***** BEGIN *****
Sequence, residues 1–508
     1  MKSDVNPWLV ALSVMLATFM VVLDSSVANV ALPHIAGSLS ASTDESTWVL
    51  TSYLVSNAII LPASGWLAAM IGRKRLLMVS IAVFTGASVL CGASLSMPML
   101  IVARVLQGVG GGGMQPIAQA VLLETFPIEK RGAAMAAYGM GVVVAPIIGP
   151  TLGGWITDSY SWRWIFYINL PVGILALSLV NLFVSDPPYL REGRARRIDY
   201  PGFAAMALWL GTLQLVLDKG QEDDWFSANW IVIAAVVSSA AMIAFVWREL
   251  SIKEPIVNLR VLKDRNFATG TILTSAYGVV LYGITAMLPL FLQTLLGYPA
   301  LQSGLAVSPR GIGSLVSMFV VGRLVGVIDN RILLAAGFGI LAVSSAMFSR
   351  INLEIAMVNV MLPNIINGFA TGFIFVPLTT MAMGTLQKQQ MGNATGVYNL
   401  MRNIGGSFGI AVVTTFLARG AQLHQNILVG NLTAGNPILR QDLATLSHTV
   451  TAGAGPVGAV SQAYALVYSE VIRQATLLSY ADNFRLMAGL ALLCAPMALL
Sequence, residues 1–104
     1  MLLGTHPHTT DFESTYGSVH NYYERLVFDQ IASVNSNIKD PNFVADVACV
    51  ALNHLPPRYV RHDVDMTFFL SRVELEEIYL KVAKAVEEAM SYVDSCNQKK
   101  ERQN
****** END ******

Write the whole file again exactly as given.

Sequence, residues 1–508
     1  MKSDVNPWLV ALSVMLATFM VVLDSSVANV ALPHIAGSLS ASTDESTWVL
    51  TSYLVSNAII LPASGWLAAM IGRKRLLMVS IAVFTGASVL CGASLSMPML
   101  IVARVLQGVG GGGMQPIAQA VLLETFPIEK RGAAMAAYGM GVVVAPIIGP
   151  TLGGWITDSY SWRWIFYINL PVGILALSLV NLFVSDPPYL REGRARRIDY
   201  PGFAAMALWL GTLQLVLDKG QEDDWFSANW IVIAAVVSSA AMIAFVWREL
   251  SIKEPIVNLR VLKDRNFATG TILTSAYGVV LYGITAMLPL FLQTLLGYPA
   301  LQSGLAVSPR GIGSLVSMFV VGRLVGVIDN RILLAAGFGI LAVSSAMFSR
   351  INLEIAMVNV MLPNIINGFA TGFIFVPLTT MAMGTLQKQQ MGNATGVYNL
   401  MRNIGGSFGI AVVTTFLARG AQLHQNILVG NLTAGNPILR QDLATLSHTV
   451  TAGAGPVGAV SQAYALVYSE VIRQATLLSY ADNFRLMAGL ALLCAPMALL
Sequence, residues 1–104
     1  MLLGTHPHTT DFESTYGSVH NYYERLVFDQ IASVNSNIKD PNFVADVACV
    51  ALNHLPPRYV RHDVDMTFFL SRVELEEIYL KVAKAVEEAM SYVDSCNQKK
   101  ERQN